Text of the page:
Saturday, March 14, 2009
Well it's official- Arne Duncan and President Obama have set out ideas to "reform" American education which won't work and are, for the most part, pointless. Raising the cap on charter schools is fine and will help somewhat by increasing innovation. Extending the school day and year is ridiculous (note my previous post and extend the same argument to a longer school day: well-off kids go to soccer and piano lessons and poor kids don't. This is a POVERTY issue, not an education issue). But the idea that really gets me is merit pay for teachers. Don't get me wrong- I think good teachers deserve to be paid far more than they are right now. But attaching merit pay to test results is the worst idea I have heard in a long time. These comments from New York Times readers sum it up pretty well. Here is my idea instead: have every public school child and parent rate teachers on several criterion on a scale of 1 to 10, with ten being the best. Average the results then fire every teacher with a score of 1 through 4. Give merit pay to every teacher with a score of 8 to 10, and have them mentor the teachers with a score of 5 through 7. If after a year of mentoring the 5 through 7's don't improve, fire them too. You see every kid and every parent in America knows already who the "good" and "bad" teachers are. They talk about it on the playground and in the carpool line. They dread it over the summer and rejoice in the fall if they get the right one. The good teachers love what they do and connect with kids and are effective, in spite of the fact that single grade large classes with too much emphasis on testing is flat out the wrong way to teach. I have had five children join my school in the past month, and four out of five of them had "bad" teachers. These kids were miserable, and when you are miserable you cannot learn. If the Obama administration isn't really going to reform public school, then at least they could do the kids of America this one favor- get the people who don't love kids, and love what they are doing, out of the classroom. The people to make this decision are not the administrators, not the statisticians, not the policy wonks, but the kids and the parents. At my school we call these people the "customers", and even in education, the customer should still be king.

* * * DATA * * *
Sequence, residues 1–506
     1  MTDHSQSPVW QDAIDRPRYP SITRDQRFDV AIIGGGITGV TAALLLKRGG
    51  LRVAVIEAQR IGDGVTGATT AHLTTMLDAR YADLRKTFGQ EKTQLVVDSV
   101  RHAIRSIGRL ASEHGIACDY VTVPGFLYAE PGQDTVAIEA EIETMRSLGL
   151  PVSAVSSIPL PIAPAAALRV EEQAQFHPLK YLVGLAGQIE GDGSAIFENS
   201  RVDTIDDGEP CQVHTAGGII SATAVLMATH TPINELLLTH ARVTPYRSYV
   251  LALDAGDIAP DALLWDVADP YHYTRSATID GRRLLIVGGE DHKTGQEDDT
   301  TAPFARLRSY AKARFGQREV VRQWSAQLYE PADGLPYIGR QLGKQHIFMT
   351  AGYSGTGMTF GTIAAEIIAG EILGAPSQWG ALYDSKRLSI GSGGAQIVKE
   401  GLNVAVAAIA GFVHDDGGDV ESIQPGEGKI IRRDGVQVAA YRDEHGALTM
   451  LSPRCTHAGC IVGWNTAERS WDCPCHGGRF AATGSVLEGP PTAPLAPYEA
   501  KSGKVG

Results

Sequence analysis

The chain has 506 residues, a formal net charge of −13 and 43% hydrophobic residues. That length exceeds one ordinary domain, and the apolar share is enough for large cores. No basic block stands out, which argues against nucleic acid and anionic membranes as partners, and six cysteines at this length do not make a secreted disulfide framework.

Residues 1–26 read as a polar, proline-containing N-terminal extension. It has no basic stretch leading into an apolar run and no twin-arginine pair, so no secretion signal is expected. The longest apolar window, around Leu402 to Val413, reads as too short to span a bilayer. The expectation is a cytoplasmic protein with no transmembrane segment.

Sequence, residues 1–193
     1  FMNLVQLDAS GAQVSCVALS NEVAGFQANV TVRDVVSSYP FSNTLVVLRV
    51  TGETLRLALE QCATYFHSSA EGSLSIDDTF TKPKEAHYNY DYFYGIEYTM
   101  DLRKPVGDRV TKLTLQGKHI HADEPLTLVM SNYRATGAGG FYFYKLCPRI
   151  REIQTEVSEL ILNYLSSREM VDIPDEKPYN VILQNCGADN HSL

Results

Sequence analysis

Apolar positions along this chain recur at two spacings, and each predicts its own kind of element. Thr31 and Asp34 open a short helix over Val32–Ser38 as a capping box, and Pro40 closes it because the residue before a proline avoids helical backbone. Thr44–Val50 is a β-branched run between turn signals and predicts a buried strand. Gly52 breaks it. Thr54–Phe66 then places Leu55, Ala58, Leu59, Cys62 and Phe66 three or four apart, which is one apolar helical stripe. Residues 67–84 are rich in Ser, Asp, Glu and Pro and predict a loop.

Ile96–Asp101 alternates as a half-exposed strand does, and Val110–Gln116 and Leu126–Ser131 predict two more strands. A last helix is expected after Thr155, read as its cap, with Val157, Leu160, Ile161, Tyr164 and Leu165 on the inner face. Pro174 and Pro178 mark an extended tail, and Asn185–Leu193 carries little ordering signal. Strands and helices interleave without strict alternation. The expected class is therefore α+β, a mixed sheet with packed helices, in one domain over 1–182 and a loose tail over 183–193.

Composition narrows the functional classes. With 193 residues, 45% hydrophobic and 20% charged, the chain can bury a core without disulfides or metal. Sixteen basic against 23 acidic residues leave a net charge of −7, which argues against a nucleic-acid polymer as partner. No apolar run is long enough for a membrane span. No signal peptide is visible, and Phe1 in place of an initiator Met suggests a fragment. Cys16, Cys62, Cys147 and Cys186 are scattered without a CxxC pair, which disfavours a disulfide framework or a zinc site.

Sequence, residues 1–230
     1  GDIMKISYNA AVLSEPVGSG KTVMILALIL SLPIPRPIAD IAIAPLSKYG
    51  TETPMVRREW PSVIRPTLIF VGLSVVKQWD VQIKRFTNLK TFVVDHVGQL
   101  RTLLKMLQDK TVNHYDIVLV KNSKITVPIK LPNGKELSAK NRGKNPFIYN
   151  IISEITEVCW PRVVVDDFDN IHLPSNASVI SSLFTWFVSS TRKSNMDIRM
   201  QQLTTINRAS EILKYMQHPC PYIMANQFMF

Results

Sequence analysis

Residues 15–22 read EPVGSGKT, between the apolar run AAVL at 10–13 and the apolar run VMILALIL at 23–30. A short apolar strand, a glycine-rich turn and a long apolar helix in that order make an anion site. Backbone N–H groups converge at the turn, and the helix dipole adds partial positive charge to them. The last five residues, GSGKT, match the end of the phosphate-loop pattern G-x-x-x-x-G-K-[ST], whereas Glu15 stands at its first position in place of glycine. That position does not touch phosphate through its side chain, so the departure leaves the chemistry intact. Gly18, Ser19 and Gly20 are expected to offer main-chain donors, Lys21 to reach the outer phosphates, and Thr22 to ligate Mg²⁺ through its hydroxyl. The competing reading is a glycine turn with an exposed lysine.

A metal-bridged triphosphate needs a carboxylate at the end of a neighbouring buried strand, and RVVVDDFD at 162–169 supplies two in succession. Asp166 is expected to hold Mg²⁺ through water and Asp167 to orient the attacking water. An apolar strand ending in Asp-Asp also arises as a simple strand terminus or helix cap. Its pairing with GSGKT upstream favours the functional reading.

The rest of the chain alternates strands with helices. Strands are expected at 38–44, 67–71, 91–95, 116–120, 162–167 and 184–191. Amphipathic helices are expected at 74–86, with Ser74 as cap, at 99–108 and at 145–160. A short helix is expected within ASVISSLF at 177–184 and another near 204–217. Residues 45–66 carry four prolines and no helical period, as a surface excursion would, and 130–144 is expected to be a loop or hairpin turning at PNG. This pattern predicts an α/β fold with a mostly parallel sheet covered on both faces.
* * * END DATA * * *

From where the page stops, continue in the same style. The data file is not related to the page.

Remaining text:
Sunday, March 1, 2009
As I sit here on a snowy Sunday contemplating whether to shorten the school year one more day by canceling school tomorrow, my thoughts go to this article about our new Education Secretary's idea to extend the school year through the summer. A dad from school sent me the link, and rightly pointed out that more does NOT equal better. What makes Secretary Duncan think that simply having kids spend more days in a broken system will help? Unfortunately, the "more is better" mantra seems to have taken over our country. So how does this apply to education, and specifically to summer? Well for children of families with economic means, summer is the time for true enrichment. My own children have traveled across country, gone to summer camp, been to foreign countries, sold lemonade on the corner, climbed trees, built forts, explored streams, and a thousand other things that are just as valuable, if not more valuable, to their lives than school. The types of things my children do outside of school cannot easily be replicated in a school setting. But what about children without economic means? For the most part, these are the children we should be concerned about, as they score consistently lower on academic assessments than their peers who are not in poverty. This is where Arne Duncan could really make a difference. Rather than taking the joys of summer away from our kids, why not extend them to less privileged kids? I'm guessing that vouchers for summer camp would be a whole lot cheaper than keeping schools open. Not only that, the skills kids learn at camp would be more valuable than a few extra hours of academic instruction. Whether I cancel school tomorrow or not, my students will have a worthwhile day. They will go sledding or build fires or make cookies or read books or all of the above. At my school, kids are guaranteed two weeks off at the end of December and a full week at Spring Break, and I will never extend the school year into summer. This is not because I want more days off, but because even though I am a teacher, and even though I love school, and think my school is a valuable place to be, I honor the time my students spend outside of school. It renews and rejuvenates them. It readies them for the "real world" outside. It is a sacred part of an American childhood.